Monday, March 12, 2012

WordPress Crash - Troubleshooting Incompatibility Issues

WordPress Crash - Troubleshooting Incompatibility IssuesWordPress crashes happen very rarely but when they do, they can cause a great deal of stress. Fortunately, they are most often very easily fixed without any loss of content.

It has been my experience that 99% of the time any issues with WordPress is plugin related. A site may work fine for a while, then an update in either the WordPress program or a plugin will cause an incompatibility issue causing the database to fail. Troubleshooting a WordPress crash is very easy and you can be back up and running in a few minutes. The first, and most obvious place to start is to look at any recent changes you may have made, an update or a new plugin installation. Sometimes though, it is not so obvious.

Steps to troubleshooting a WordPress crash:
Since you most likely will not be able to access the dashboard of your WordPress installation, you must have access to your files either through an FTP client or from the File Manager in your web hosting cPanel. Navigate to the wp-content folder in your file manager or ftp.
Open that folder and inside you will see a plugins folder.
Rename the plugins folder plugins.bak
Create a new folder (directory) and call it plugins.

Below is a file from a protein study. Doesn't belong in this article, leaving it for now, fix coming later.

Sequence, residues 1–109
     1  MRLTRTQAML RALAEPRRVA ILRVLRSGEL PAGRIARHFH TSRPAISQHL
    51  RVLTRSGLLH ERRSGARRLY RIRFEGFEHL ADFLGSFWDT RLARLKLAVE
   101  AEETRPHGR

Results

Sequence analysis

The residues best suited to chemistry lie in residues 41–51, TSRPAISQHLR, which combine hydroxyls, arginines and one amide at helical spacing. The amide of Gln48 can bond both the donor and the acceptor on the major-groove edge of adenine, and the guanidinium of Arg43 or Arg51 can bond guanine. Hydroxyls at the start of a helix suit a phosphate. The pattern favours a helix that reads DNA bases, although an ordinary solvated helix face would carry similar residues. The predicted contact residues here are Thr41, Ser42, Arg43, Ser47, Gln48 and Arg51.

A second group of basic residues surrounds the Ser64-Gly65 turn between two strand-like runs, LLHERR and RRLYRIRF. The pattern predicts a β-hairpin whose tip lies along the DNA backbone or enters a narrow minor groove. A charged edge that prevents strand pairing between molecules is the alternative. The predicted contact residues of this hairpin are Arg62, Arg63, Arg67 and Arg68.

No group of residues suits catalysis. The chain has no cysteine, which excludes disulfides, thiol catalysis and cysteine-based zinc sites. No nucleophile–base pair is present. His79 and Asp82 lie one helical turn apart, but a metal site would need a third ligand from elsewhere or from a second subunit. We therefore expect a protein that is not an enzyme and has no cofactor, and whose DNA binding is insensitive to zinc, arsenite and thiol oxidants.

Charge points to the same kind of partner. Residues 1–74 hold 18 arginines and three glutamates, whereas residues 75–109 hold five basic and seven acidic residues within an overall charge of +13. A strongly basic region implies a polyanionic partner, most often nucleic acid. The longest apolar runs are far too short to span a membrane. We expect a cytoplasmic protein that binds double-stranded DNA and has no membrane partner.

Check your website. If the website now loads, you have verified that it is indeed a plugin compatibility issue.
If you are running an older version of WordPress, now is a good time to upgrade to the latest, most stable version.
Once the latest version is installed, you can begin to troubleshoot to find out which of your plugins is causing the incompatibility issue.
Reinstall your plugins one at a time. After each installation, test your site to make sure it is still working properly. Update each plugin to the newest version if there has been an upgrade made available.
If at any time during this process your WordPress crashes again, you know you have found the culprit. Simply access your cPanel or FTP again and delete the plugin.
You will need to either download a newer version of that plugin directly from the developer source or wait for an update to become available for it before you can install that plugin again.

Most plugin developers work tirelessly to keep their plugins up-to-date with the latest versions of WordPress, but occasionally an update is a little slow in coming or the WordPress update is a major one that has changed the core functions of the program and the developers have not been able to keep up.

Steps to take when the WordPress crash is not plugin related:

If you have tried the above and the troubleshooting has not been a plugin issue, there are two other areas you can try.
Go into your cPanel and into the MySQL panel that will bring up the list of databases installed on your account. Click on the restore/repair database. If the crash was due to damage to your database, this should correct the problem.
You should have a database backup on file. (install a plugin to take care of this on a regular basis if you haven't already) You can do a database restore from your backup file. If you have not been in the habit of backing up your sites, and you do not have any backup files, I am sorry to say that you may have lost your website. You will need to contact support to see if they have any recent backups or if they can offer any support.

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